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influenced by our civilization and therefore still seemed to possess an unspoiled, natural knowledge of the psychic guide that Jung called the Self. The Self can be defined as an inner guiding center, which does not coincide with our consciousness and which can only be further explored through dreams, which show that it works toward a lasting expansion and maturation of the personality. To begin with, however, this great center in us is no more than an inborn potentiality. In the course of a lifetime it can be realized to a greater or lesser degree, depending on whether the ego is willing to pay attention to its messages. The Naskapi noted that someone who heeds the promptings of the “great man” receives more numerous and better dreams, and we could also say that in such a person the great man is more clearly realized than in people who neglect him. Accordingly, it seems that the ego was not made by nature to follow its own arbitrary will unrestrictedly, but rather to help the inner wholeness toward realization by lending it the light of consciousness. If, for example, I possess an artistic talent of which I am unaware, it might as well not exist; only when my ego perceives it can it be realized. In the same way, the inborn potentiality for individuation is not the same as the consciously recognized and consciously lived development of psychic wholeness. We can picture it like this: In every mountain pine the image of this very mountain pine with all its potentialities is present, as it were, in the seed; but each real pine seed falls at a particular time in a particular place, and there are many special circumstances in play, like the nature of the soil, stones, the inclination and wind orientation of the slope, and the time of exposure to the sun. The whole of the nature of the pine reacts to these circumstances, for example, by growing crooked, growing around a stone, inclining toward the sun; and in this way the unique, unrepeatable individual pine tree that is the only real one comes into being, for after all a “pine in itself” is only a possibility or an idea. This growth of the individual, the unique, is what Jung called, in human beings, the individuation process. However, this must be seen from two aspects. Initially, it is an unconsciously flowing process of growth, such as takes place in humans as in every other sentient being, one through which a human being lives out his or her humanness. But in the true sense, this process only becomes a reality when a person becomes conscious of it.4 We do not know whether the mountain pine tree knows, suffers, is happy, and so forth, when it encounters the various strokes of fate that form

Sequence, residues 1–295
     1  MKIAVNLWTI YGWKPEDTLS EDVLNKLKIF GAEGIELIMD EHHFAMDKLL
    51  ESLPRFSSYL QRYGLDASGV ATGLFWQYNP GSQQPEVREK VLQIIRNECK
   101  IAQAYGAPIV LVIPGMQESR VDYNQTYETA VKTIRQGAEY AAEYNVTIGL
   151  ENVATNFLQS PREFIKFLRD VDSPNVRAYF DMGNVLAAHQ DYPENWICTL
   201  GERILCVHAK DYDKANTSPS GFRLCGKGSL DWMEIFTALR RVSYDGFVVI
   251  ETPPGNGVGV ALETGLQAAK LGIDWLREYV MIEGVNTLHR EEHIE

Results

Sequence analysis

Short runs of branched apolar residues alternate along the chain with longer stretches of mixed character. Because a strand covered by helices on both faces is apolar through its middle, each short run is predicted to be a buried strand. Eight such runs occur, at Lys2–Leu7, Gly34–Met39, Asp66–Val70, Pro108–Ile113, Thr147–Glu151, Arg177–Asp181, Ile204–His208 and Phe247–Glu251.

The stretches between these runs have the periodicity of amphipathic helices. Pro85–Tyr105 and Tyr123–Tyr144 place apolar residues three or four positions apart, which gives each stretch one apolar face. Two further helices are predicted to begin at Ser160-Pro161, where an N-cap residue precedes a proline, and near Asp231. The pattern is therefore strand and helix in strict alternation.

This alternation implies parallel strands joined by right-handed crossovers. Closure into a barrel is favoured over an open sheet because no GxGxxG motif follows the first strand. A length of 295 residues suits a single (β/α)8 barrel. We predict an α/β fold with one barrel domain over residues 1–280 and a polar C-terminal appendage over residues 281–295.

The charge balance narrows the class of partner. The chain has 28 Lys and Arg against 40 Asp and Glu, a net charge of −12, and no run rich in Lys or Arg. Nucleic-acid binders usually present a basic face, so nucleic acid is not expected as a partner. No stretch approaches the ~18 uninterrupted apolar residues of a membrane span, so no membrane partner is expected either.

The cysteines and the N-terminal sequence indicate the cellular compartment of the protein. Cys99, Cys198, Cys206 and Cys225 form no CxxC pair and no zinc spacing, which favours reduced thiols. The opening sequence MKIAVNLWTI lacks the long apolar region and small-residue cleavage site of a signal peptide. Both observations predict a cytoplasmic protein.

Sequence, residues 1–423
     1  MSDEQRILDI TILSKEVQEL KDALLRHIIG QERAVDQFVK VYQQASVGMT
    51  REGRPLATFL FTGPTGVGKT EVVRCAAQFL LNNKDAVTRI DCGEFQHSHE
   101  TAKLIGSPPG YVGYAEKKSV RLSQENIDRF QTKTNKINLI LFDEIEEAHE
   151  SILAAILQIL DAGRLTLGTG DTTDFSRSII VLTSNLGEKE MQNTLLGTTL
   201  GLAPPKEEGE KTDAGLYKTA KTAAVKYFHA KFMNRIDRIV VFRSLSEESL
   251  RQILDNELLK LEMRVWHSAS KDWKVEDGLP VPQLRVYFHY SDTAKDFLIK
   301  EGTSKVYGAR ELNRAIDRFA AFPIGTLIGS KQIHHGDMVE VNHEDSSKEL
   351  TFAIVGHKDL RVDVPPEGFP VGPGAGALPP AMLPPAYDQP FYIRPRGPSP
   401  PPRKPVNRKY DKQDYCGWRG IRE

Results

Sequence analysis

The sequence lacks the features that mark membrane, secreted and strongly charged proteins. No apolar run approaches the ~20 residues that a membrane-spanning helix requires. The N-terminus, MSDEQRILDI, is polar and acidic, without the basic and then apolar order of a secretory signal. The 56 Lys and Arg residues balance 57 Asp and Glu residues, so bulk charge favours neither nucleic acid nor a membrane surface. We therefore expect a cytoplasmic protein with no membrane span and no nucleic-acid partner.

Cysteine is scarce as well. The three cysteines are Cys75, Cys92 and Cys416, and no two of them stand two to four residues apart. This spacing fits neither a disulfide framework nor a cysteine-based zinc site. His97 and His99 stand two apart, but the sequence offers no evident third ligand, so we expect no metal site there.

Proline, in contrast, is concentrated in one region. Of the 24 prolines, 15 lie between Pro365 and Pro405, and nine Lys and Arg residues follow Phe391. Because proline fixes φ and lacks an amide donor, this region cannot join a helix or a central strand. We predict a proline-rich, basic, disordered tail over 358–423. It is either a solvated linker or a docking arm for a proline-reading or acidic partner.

Profile for Lewis Lafontaine

Marie - Louise Von Franz - Archetypal Dimensions of the Psyche -  

Marie - Louise Von Franz - Archetypal Dimensions of the Psyche -  

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